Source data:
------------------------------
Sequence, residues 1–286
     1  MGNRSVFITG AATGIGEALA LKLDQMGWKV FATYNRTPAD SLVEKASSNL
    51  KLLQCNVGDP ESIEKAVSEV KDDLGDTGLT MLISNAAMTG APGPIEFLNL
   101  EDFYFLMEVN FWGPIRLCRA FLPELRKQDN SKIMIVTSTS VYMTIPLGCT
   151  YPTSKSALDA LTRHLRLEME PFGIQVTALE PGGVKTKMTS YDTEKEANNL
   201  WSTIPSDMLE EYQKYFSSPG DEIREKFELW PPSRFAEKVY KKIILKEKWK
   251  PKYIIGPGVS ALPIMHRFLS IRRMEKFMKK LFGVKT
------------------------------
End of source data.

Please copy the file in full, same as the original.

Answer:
Sequence, residues 1–286
     1  MGNRSVFITG AATGIGEALA LKLDQMGWKV FATYNRTPAD SLVEKASSNL
    51  KLLQCNVGDP ESIEKAVSEV KDDLGDTGLT MLISNAAMTG APGPIEFLNL
   101  EDFYFLMEVN FWGPIRLCRA FLPELRKQDN SKIMIVTSTS VYMTIPLGCT
   151  YPTSKSALDA LTRHLRLEME PFGIQVTALE PGGVKTKMTS YDTEKEANNL
   201  WSTIPSDMLE EYQKYFSSPG DEIREKFELW PPSRFAEKVY KKIILKEKWK
   251  PKYIIGPGVS ALPIMHRFLS IRRMEKFMKK LFGVKT